CITI AND UBS lead the way in moving margin off balance sheet
MARGIN requirements cause problems in the US
TLAC RULES worrying market-makers
EU POWER MARKETS threatened by tighter collateral rules
COMMENTARY: The margin chronicles
Driving derivatives trades to central counterparties (CCPs) and away from the bilateral market has been a key goal for global regulators. The US regime took a big step forward on December 16 with the publication of final rules from the Commodity Futures Trading Commission (CFTC), which were aligned with those issued by the US prudential regulators in late October. The Federal Reserve and its fellow agencies estimate non-cleared swap trades will be 30–40% more expensive in margin terms than their cleared equivalents – raising the additional margin will cost market participants some $2.5 billion a year.
Despite the costs involved, derivatives users in the US will at least welcome the end of uncertainty over the details of Dodd-Frank Act rules, the bulk of which are now published. The EU's own rules on margin for uncleared trades are expected to follow in the next few weeks.
And the CFTC also made some late changes in the industry's favour, exempting inter-affiliate trades from initial margin requirements, despite opposition from commissioner Sharon Bowen, who feared large institutions might be incapable of communicating or even measuring their own internal risks and exposures. The change brings the US into line with EU and Japanese rules and answers some of the concerns banks expressed with the proposed rules last year.
The next question, as commissioner Christopher Giancarlo pointed out, is whether the new margin rules will have significant – and positive – effects as they are phased in over the course of the next few years. Giancarlo fears simply raising margin requirements will be pointless unless CCPs are willing to clear every trade displaced: "If no clearing house is willing to clear a particular swap, no amount of punitive cost, no matter how onerous, will enable it to be cleared," he commented. The Irish central bank recently expressed similar fears about the ability of clearing banks to cope with an expected surge in demand.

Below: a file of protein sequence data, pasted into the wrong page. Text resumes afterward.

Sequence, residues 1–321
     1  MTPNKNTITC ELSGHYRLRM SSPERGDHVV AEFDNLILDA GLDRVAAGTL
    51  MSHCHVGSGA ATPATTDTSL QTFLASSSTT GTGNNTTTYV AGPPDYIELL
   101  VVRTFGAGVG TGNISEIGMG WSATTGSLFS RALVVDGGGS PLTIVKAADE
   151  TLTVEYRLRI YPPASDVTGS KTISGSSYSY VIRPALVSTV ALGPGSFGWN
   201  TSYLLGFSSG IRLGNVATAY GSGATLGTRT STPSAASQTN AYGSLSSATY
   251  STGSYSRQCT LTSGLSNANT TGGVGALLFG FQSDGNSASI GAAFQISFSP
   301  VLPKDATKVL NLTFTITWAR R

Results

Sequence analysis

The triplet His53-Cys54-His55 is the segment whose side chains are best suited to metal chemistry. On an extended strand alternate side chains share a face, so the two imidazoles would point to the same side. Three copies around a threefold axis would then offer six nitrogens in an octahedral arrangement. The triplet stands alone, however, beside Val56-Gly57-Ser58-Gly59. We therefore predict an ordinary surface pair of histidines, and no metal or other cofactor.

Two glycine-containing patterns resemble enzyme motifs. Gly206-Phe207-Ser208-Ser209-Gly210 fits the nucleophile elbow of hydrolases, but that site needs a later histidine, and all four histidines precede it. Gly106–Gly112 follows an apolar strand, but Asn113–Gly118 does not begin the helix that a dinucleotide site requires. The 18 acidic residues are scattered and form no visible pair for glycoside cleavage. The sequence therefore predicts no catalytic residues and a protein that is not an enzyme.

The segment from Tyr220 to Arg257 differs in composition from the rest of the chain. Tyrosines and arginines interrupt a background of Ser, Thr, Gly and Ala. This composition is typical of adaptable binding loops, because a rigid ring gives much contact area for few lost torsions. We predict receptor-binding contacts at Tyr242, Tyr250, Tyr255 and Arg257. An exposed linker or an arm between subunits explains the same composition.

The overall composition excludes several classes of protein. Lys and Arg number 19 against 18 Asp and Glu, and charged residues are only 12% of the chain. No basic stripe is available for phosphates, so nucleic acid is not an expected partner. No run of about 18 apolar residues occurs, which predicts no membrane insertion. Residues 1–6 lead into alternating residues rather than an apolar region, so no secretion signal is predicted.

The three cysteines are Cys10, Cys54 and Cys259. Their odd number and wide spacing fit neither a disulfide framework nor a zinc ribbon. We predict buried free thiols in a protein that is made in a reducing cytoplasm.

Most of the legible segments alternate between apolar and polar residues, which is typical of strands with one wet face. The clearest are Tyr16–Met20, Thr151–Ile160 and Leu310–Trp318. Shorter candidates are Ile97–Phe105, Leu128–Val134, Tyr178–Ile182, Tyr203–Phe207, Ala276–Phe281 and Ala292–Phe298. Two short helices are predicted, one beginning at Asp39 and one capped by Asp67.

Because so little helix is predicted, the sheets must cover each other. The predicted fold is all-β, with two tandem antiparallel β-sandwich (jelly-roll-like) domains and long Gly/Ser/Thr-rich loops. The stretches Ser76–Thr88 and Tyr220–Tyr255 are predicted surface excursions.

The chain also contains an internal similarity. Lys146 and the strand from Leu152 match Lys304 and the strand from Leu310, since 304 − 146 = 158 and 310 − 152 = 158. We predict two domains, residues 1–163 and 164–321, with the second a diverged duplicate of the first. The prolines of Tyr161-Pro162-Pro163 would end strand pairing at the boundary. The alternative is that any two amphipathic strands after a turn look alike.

It would be easier if those banks found a way to limit the costs related to the incoming leverage ratio. And some think they have it – Citi, Credit Suisse and UBS have been developing methods of moving customer cash collateral off-balance sheet. The tactic has received the blessing of auditors and the FDIC's Thomas Hoenig, but is still causing confusion among their peers.
QUOTE OF THE WEEK
"I would love to see how Citi and UBS have done it – we're all trying to work out what they're up to and how they're doing it, but no one wants to talk about it. Every time this is brought up in an industry conversation, it goes very cold" – a regulatory specialist at a US bank.
STAT OF THE WEEK
Leverage structured products are big business in the Netherlands, racking up €2.3bn of turnover in the second quarter of this year. Having completed one review of the sector in 2013, the Dutch regulator has just returned to take a second look.
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The week on Risk.net, July 14–20, 2017Receive this by email